It’s sometimes hard for a young adult author, especially one as well known as Sara Shepard, to make the shift to successfully publishing novels for adult audiences. But THE VISIBLES, her first book to be marketed to adults, successfully bridges that gap. Fittingly, it’s about a young woman who is learning to negotiate the fine balance between being someone’s daughter and becoming one’s own person.
Shepard’s episodic novel opens with a harrowing vignette, one that becomes increasingly haunting as the story progresses and the reader learns new information. A young man, about to leave his small town in western Pennsylvania to attend the state university, accidentally kills the girl he secretly loves in a horrendous car crash.
Suddenly, it’s 1992, decades later, and that young man is now a father of two teenaged children. Summer Davis, his daughter, is in high school and has just discovered DNA in high school biology, a topic that will shape the way she views her entire life and her family’s whole history. Summer’s mother has just mysteriously disappeared, abandoning her family without a trace. Her father is distraught, her older brother buries himself in schoolwork, and Summer is left without a compass to guide her.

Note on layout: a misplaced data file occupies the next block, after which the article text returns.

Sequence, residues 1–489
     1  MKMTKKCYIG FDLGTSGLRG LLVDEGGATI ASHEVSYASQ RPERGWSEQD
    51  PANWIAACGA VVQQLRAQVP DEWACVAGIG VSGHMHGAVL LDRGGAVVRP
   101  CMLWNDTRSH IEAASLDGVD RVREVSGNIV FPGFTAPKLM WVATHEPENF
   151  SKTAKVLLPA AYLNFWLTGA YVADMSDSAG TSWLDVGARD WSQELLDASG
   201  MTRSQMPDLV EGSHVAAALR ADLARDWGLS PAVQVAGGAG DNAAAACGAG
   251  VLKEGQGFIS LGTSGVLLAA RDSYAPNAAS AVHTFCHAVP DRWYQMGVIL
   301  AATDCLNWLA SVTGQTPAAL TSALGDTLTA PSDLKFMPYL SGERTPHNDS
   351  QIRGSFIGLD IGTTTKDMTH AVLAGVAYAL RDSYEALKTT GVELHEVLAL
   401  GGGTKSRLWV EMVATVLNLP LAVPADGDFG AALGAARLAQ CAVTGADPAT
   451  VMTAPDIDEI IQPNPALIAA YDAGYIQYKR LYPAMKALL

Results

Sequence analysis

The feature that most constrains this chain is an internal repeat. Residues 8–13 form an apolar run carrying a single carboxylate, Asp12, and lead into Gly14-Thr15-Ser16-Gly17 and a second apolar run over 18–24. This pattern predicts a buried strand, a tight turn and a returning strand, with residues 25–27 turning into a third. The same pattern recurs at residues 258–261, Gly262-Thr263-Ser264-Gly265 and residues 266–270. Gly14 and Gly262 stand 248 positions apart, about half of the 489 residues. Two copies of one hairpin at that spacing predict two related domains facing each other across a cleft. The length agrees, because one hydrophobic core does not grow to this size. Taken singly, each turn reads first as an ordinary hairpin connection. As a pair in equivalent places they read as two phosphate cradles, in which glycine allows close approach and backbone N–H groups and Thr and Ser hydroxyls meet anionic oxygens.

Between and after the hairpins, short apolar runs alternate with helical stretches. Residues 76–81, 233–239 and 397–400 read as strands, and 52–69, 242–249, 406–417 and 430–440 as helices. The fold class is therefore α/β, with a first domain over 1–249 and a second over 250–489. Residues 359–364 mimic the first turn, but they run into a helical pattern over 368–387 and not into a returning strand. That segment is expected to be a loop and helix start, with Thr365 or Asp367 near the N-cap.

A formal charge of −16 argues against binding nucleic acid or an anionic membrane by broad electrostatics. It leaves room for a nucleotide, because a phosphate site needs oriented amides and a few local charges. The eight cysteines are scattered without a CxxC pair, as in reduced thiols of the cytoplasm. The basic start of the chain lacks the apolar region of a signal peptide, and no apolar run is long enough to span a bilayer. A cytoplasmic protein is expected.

As the years pass, and Summer grows from an awkward teenager to a brilliant but vulnerable young woman, she continues to search for the elusive guidance to how her family ended up the way it did: why her mother disappeared, why her father has become devastated by clinical depression, why her brother develops wacky conspiracy theories, and why Summer herself continues to find more questions than answers. Again and again, her thoughts turn to genetics, almost despite herself: “On one hand, it was what I believed in, but on the other, it was exactly what I fought against.” Is Summer doomed by biological determinism to share in her family’s legacy of loss and despair? Or will she be able to escape destiny and craft a future for herself?
Shepard’s novel heartbreakingly captures the simultaneous pathos and angst of caring for a relative with mental illness, as Summer is asked to shoulder responsibilities far beyond her years, to make sacrifices she shouldn’t have to, to constantly revise her childhood image of her father. Shepard also distills the absurdity of painful situations into single, perfectly apt images: “There would be old biddies coming over to my grandmother’s house for an after-funeral party, if you could call it that, and there would be cabbage rolls, and various other things cooked in a Crock-Pot. Tomorrow morning we’d go back to Brooklyn and resume our normal lives of ignoring each other.”
What’s most surprising and affecting about THE VISIBLES is just how emotionally invested its audience becomes in Summer and her family. Throughout, the novel builds in intensity until readers will feel, like Summer herself, that their own lives are intimately entangled with the DNA of the Davis family.
Reviewed by Norah Piehl on May 11, 2010